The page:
Domain name

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Domain names are textual identifiers that signify internet[2] resources, including computers and services. They symbolize ownership or control of a resource and offer a memorable name for these entities. The structure of a domain name consists of labels concatenated and separated by dots, arranged in a hierarchy from right to left. Each label can hold 1 to 63 octets, and the total domain name should not go beyond 253 ASCII characters. The Domain Name System[1] (DNS) converts these domain names into IP addresses, aiding in the distribution of web traffic among various servers. Organized in a tree structure, domain names have Top-Level Domains (TLDs) like .com, .org, .net at the topmost level. The Internet Corporation for Assigned Names and Numbers (ICANN) manages the allocation of TLDs and accredits domain registrars. Domain names can also be internationalized, with numerous registries adopting the Internationalized domain name (IDNA) system approved by ICANN. The domain name sector is vulnerable to cyber threats such as spoofing, but protective measures are in place.

Terms definitions
1. Domain Name System ( Domain Name System ) The Domain Name System (DNS) is an essential component of the internet's framework. It acts as an interpreter between user-friendly hostnames and numeric IP addresses, facilitating swift and efficient access to websites and digital services. The DNS, which originated as a straightforward mapping system during the ARPANET era, has evolved into a sophisticated hierarchical structure indispensable for cloud services and content delivery networks. Protocols such as UDP and TCP are utilized by the DNS to ensure reliable, secure, and private connections. It also maintains a variety of record types, including SOA, A, AAAA, MX, NS, PTR, and CNAME, traditionally housed in a zone file. These records are vital for the functioning of distributed Internet services. The DNS enhances user experience by allocating nearby servers for quicker responses. Its structure mirrors the internet's administrative responsibility, with autonomous zones delegated to managers for each subdomain.
2. internet. The Internet, a global network of interconnected computer systems, utilizes standardized communication protocols, predominantly TCP/IP, to connect devices across the globe. The term 'Internet' has its roots in the 1849 term 'internetted' and was later adopted by the US War Department in 1945. The inception of the Internet can be traced back to the 1960s when computer scientists developed time-sharing systems, which eventually led to the creation of ARPANET in 1969. The Internet operates autonomously, without any central control, and the Internet Corporation for Assigned Names and Numbers (ICANN) manages its primary name spaces. It has revolutionized traditional communication methods and has seen an exponential growth, with the number of internet users growing by 20% to 50% every year. In 2019, more than half of the global population was using the Internet. The Internet protocol suite, comprising TCP/IP and four conceptual layers, directs internet packets to their intended destinations. Fundamental services such as email and Internet telephony function on the Internet. The World Wide Web, an extensive network of interconnected documents, serves as a crucial element of the Internet.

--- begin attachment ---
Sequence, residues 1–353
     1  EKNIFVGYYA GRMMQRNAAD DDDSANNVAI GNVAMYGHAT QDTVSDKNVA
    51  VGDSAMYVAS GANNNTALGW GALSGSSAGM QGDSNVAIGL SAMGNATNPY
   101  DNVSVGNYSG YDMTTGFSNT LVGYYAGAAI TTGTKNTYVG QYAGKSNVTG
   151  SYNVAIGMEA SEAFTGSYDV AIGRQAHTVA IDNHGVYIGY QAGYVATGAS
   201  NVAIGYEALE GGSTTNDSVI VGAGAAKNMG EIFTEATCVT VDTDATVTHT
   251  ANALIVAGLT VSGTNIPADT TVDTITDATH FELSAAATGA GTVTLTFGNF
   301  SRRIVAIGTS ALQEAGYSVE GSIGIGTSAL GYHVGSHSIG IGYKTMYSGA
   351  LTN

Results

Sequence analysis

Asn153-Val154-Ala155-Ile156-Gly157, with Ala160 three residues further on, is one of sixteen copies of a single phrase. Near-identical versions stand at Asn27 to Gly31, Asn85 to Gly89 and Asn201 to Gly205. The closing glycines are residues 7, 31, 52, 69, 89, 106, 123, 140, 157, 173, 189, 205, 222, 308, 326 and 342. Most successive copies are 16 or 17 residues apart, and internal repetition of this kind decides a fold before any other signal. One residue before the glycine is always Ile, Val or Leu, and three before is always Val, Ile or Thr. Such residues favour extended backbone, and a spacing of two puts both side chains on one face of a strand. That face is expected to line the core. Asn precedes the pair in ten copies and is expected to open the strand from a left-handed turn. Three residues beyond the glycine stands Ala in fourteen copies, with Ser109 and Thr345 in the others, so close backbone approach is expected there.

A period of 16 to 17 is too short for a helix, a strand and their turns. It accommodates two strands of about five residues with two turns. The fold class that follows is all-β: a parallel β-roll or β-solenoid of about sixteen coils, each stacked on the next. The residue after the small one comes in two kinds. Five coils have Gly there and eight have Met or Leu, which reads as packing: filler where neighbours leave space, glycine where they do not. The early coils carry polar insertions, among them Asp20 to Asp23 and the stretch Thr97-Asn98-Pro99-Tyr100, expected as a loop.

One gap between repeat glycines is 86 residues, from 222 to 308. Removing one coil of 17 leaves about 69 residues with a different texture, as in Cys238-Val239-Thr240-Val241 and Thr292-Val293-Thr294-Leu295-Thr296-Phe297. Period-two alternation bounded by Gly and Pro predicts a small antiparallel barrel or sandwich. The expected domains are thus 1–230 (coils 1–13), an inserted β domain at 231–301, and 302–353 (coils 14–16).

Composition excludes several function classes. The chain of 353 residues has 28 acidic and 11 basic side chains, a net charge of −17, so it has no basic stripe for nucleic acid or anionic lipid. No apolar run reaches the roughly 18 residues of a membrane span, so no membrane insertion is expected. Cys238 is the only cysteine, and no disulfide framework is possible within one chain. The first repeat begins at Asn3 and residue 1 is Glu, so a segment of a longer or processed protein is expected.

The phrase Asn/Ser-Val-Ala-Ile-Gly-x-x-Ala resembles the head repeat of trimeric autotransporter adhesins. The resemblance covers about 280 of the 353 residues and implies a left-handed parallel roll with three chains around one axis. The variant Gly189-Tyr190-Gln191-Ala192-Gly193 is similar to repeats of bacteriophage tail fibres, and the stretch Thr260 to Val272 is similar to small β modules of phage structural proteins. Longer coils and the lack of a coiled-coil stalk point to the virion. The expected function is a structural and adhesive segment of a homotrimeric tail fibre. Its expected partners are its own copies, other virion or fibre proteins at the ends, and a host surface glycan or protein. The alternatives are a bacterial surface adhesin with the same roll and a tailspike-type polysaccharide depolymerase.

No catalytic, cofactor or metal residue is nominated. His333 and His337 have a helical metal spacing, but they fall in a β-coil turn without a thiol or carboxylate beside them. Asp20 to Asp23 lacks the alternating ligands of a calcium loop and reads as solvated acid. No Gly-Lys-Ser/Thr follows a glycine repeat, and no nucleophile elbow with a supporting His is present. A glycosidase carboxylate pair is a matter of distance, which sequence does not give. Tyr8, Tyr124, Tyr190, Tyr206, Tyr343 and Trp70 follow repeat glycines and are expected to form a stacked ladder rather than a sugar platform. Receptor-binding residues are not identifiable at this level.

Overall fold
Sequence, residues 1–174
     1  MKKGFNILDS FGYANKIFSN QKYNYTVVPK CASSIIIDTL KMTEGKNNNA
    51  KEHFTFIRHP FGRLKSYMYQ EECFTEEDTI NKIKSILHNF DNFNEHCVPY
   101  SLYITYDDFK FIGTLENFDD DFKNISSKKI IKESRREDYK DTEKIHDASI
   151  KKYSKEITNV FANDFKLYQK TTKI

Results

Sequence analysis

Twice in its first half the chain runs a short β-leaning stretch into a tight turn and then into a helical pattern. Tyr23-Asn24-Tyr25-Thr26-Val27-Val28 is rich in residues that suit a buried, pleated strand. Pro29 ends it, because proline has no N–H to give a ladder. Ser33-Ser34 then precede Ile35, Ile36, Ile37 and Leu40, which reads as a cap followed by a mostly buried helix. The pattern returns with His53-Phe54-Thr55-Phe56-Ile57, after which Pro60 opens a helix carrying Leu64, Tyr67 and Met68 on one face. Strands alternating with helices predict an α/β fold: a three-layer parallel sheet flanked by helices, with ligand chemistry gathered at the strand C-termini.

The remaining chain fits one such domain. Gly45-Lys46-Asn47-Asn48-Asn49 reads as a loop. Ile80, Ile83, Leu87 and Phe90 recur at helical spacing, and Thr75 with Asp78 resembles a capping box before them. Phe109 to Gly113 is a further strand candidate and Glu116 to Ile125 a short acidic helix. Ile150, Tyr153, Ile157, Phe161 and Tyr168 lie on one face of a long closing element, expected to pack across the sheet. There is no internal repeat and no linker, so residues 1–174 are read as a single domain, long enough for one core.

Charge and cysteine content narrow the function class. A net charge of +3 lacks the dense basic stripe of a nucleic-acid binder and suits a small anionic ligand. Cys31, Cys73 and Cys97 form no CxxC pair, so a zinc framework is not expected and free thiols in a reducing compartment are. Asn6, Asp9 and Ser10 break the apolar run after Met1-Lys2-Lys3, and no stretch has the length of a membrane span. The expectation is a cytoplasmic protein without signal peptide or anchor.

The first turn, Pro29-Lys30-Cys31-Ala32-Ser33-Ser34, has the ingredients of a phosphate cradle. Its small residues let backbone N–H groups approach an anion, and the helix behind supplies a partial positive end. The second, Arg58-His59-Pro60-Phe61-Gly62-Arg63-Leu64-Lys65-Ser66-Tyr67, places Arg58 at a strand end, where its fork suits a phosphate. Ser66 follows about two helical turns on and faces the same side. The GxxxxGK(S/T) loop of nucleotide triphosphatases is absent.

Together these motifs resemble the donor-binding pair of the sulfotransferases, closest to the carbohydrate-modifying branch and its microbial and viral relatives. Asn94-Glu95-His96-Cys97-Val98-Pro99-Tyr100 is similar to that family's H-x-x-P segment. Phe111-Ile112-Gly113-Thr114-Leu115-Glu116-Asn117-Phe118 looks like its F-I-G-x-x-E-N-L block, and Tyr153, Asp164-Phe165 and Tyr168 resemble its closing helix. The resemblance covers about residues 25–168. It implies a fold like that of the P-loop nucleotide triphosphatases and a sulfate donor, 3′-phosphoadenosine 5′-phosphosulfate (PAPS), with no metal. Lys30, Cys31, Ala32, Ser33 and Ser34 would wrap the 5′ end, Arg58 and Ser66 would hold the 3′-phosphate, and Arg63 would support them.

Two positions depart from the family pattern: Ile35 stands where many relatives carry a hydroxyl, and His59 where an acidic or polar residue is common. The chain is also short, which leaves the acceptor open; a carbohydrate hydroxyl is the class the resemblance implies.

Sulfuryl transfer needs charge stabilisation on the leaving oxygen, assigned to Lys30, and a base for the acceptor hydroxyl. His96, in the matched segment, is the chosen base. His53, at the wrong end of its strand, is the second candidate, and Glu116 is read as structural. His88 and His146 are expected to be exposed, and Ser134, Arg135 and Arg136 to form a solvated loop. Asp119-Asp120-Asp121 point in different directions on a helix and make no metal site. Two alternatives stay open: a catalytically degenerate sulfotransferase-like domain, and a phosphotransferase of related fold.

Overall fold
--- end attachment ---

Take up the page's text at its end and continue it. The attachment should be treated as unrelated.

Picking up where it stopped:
Domain name (Wikipedia)

In the Internet, a domain name is a string that identifies a realm of administrative autonomy, authority or control. Domain names are often used to identify services provided through the Internet, such as websites, email services and more. Domain names are used in various networking contexts and for application-specific naming and addressing purposes. In general, a domain name identifies a network domain or an Internet Protocol (IP) resource, such as a personal computer used to access the Internet, or a server computer.

An annotated example of a domain name

Domain names are formed by the rules and procedures of the Domain Name System (DNS). Any name registered in the DNS is a domain name. Domain names are organized in subordinate levels (subdomains) of the DNS root domain, which is nameless. The first-level set of domain names are the top-level domains (TLDs), including the generic top-level domains (gTLDs), such as the prominent domains com, info, net, edu, and org, and the country code top-level domains (ccTLDs). Below these top-level domains in the DNS hierarchy are the second-level and third-level domain names that are typically open for reservation by end-users who wish to connect local area networks to the Internet, create other publicly accessible Internet resources or run websites. The registration of a second- or third-level domain name is usually administered by a domain name registrar who sell its services to the public.

A fully qualified domain name (FQDN) is a domain name that is completely specified with all labels in the hierarchy of the DNS, having no parts omitted. Traditionally a FQDN ends in a dot (.) to denote the top of the DNS tree. Labels in the Domain Name System are case-insensitive, and may therefore be written in any desired capitalization method, but most commonly domain names are written in lowercase in technical contexts.

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